I’m trying to get into running again after a month-long hiatus. It’s not easy, but there are some perks–like the thrill of rediscovering young love, or the freshness of a new one after a string of jaded entanglements.

The hard part is putting on my shorts and shirt, ponytailing my hair, and lacing up. But even as I’m walking to the jogging track, all geared up, and up to the point where I hit “start” on my Nike+, I’m fighting viciously with my mind. It takes everything I’ve got to debate my own cleverness, especially when it’s about trading the afternoon run for that slice of tablea cake in that cozy cafe.

I think the trick is to just go on auto-pilot and not think.

When I finally hit the ground, joining other runners, I think to myself, this isn’t so bad. And halfway through, I remember what I loved about it, what I can love about it again.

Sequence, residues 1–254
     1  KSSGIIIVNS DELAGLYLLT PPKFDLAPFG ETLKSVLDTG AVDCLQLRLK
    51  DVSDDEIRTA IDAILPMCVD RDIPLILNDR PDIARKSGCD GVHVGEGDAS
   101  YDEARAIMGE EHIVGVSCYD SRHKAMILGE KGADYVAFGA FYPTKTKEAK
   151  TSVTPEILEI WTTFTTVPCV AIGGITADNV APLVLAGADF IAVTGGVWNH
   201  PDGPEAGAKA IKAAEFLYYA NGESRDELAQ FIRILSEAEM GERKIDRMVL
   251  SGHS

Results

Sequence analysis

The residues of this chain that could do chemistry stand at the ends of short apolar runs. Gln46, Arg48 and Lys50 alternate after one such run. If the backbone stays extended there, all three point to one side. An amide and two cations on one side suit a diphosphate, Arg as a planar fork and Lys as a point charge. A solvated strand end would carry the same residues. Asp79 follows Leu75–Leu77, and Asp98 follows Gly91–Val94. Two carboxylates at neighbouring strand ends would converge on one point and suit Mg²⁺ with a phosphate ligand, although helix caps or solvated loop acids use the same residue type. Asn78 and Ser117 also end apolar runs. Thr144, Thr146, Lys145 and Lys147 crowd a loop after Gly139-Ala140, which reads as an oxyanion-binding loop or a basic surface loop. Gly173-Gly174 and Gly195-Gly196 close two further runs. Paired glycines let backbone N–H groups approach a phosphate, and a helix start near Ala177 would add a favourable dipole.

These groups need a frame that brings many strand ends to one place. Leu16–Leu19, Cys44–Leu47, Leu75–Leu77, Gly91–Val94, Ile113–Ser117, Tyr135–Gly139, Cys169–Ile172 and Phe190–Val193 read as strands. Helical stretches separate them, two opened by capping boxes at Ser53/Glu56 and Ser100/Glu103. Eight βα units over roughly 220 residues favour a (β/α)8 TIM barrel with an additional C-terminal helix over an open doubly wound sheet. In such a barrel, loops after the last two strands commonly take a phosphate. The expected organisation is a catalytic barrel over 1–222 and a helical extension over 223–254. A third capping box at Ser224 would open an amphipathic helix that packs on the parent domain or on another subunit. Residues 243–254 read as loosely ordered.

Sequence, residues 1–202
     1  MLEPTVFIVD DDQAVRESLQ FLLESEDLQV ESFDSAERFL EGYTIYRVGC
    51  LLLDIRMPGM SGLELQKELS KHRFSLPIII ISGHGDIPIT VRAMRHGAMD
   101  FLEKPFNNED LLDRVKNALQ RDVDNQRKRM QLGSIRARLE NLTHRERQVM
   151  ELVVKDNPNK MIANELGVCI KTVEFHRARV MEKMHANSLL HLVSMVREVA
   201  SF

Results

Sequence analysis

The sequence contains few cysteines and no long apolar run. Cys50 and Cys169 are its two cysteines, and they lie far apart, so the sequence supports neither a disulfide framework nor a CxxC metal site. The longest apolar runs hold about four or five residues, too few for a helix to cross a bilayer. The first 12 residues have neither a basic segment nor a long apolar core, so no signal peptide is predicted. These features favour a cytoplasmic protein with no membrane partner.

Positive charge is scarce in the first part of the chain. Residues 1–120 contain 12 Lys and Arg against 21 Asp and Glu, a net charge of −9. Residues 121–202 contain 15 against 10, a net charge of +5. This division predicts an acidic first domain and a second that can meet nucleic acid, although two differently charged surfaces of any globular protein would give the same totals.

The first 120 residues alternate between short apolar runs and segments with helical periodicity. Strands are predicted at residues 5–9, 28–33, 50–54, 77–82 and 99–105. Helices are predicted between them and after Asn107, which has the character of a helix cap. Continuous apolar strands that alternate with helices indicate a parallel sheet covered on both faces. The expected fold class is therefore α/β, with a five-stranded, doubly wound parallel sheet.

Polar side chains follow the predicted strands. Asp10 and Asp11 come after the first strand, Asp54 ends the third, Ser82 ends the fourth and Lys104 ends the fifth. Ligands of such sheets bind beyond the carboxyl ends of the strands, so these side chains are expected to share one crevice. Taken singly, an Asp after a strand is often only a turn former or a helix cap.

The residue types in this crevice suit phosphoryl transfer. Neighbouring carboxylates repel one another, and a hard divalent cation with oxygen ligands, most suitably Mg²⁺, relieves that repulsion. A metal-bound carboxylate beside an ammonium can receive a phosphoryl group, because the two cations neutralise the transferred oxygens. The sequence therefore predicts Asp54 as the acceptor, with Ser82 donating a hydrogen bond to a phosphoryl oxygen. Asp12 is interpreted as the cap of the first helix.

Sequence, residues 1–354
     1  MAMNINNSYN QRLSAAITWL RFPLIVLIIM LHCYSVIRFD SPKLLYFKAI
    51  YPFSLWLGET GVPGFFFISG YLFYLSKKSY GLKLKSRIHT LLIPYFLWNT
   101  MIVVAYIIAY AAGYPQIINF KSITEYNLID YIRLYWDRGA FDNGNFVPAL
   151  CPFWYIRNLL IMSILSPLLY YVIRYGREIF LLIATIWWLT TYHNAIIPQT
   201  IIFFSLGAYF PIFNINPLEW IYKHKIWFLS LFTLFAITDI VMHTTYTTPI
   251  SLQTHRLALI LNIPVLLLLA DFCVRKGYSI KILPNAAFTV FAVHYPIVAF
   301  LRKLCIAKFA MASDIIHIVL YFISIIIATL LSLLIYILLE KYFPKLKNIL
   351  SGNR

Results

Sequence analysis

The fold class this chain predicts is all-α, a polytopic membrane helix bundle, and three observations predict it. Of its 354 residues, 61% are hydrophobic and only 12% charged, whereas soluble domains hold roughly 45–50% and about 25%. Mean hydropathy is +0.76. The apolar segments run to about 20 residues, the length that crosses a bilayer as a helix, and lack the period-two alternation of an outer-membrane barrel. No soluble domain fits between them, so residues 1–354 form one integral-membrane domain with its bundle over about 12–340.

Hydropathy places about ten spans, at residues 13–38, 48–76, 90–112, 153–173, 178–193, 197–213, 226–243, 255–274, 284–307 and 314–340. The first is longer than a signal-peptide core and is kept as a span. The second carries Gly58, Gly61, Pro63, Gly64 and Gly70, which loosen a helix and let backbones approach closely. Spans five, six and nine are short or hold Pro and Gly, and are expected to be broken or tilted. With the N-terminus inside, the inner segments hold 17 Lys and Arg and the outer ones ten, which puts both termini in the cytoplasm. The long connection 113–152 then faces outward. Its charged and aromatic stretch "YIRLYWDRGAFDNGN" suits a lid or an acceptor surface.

And then when I’m rounding the corner towards the last quarter of my run, and the sun is a golden fiery ball splattering orange and purple all over the horizon, I smile.

I take sunsets very personally, you see. I’m convinced God fingerpaints each sunset to beckon me to look up. He knows how my eyes need to break away from my earthbound vision. Each sunset reminds me how glorious He is, how glorious all creation is, including the body He created. I see how truly small everything is compared to the bigness of God.

Last night, by the end of my run–a programmed 5km that became 6km thanks to the sunset–I’ve forgotten the tablea cake.

And then the whole struggle starts again on the next run, and the next.